Intel just demonstrated 14nm Broadwell ULT (Y-series) silicon, normalized for performance against 22nm Haswell ULT (Y-series) silicon running a multithreaded Cinebench test. Intel was monitoring SoC power during the benchmark and demonstrated a ~30% reduction in power, at the same performance level.

The other reveal? Broadwell ULT, albeit still a two-die, single chip MCM, is physically smaller than Haswell ULT. A physical size reduction is necessary to get Broadwell into fanless tablet designs that can have competitive battery capacities to ARM based designs. 

The first Broadwell silicon is supposed to ship to customers by the end of this year, and in systems next year.

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  • toncijukic - Wednesday, November 20, 2013 - link

    @deepi, How do you mean "no PCIe SSD in Europe"?
  • tuxRoller - Wednesday, September 11, 2013 - link

    Congrats. Looks like that device is close to macbook air levels.
  • MrSpadge - Wednesday, September 11, 2013 - link

    Still, better power efficiency directly equals better performance in TDP limited use cases, so they must not stop yet. Improving idle power consumption is a different story, of course.
  • Stuka87 - Wednesday, September 11, 2013 - link

    I am thinking once they do hit that "wall" of sorts, they can start raising clock speeds so you end up with better performance without any power increase over the previous gen.

    The last two generations performance has no change much. Just power decreases. So raising the clock speeds while maintaining power consumption will be what we see next.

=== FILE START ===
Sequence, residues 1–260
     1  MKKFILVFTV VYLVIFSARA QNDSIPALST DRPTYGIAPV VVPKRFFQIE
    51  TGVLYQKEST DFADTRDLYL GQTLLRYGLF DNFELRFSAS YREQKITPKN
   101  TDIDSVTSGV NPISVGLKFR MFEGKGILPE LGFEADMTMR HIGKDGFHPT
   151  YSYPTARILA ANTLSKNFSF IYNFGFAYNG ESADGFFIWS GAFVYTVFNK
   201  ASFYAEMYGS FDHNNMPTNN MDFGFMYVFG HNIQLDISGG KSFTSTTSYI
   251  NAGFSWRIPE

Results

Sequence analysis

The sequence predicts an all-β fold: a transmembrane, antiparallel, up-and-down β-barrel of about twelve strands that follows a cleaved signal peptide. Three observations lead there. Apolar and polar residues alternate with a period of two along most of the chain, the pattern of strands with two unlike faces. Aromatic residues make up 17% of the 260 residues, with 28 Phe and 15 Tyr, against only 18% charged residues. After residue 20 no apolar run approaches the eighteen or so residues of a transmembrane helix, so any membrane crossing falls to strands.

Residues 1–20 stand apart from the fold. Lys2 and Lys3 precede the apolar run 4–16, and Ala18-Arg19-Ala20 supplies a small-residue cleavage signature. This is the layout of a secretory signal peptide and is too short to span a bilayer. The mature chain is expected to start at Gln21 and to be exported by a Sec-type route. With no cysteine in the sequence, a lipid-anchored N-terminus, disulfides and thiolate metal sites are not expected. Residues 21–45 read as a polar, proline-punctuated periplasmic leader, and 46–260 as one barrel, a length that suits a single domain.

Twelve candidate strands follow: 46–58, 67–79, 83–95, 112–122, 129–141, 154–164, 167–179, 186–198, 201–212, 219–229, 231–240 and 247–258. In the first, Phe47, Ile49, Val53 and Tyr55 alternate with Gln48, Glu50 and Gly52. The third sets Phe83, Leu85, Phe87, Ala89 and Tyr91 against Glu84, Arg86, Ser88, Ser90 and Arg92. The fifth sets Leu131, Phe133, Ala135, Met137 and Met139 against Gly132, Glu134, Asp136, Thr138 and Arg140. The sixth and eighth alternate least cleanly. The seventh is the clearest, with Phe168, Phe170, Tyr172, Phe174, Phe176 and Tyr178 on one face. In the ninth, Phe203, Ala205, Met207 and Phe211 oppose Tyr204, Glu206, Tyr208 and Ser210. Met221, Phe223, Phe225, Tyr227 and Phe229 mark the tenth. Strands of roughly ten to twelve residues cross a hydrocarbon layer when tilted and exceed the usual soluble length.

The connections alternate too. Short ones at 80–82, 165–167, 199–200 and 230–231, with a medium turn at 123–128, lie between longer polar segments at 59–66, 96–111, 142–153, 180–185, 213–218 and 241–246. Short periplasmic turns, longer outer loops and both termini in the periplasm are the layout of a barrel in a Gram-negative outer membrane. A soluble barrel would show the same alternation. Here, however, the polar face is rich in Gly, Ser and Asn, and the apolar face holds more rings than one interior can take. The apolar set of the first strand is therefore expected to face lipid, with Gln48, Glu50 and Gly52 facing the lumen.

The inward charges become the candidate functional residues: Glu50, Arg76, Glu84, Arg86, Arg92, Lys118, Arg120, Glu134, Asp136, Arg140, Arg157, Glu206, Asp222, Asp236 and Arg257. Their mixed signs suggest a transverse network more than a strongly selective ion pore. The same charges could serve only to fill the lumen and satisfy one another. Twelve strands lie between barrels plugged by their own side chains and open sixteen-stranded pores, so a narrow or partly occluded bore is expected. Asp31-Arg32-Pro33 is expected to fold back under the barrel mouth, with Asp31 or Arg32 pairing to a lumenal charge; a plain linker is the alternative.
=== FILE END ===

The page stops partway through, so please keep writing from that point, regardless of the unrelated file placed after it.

• EnzoFX - Wednesday, September 11, 2013 - link

    Uhm, I don't think so. People aren't going to be like, OK now we have enough battery time...we don't need any more...
  • Stuka87 - Wednesday, September 11, 2013 - link

    EnzoFX: So you are saying people rather have 1% better battery life than 25% more performance?

    The rest of the computer uses more power than the CPU, so the CPU being more efficient will have less and less of an impact on battery life.
  • EnzoFX - Thursday, September 12, 2013 - link

    But then the shift will be about power on load, no? Seeing as processors are using less power on idle, but still bordering what's allowed when on load. Performance will go up, as it's expected I would think, but they're not going to increase it just to do it when they have other things to market. I think it ties in to the plateau of performance. Of course I could have no idea what I'm talking about lol.
  • iwod - Thursday, September 12, 2013 - link

    I was thinking and estimate in idle, Haswell is more like 0.3 to 0.5W where the LCD would be 2.5-3.5W instead. Then is another 0.3 - 0.5W for SSD, and 1W for Memory.

    At least Intel is working on Near Threshold Voltage, Memory Cube with even lower power, and some other improvement.

    But in terms of CPU, Hell yes Broadwell is now finally entering ARM's range.
  • ananduser - Thursday, September 12, 2013 - link

    Eagerly awaiting for the SVP 13" review.
  • Hector2 - Thursday, September 12, 2013 - link

    "I think we're getting quite close to the point where making the CPUs more power efficient won't help tremendously"
    Certainly in the tablet & laptop markets, ARM's strength's have been less power & less cost than Intel --- at the expense of not being software compatible and having lower performance. As Intel matches ARM's strengths while retaining their performance advantage, they start pulling ahead of ARM

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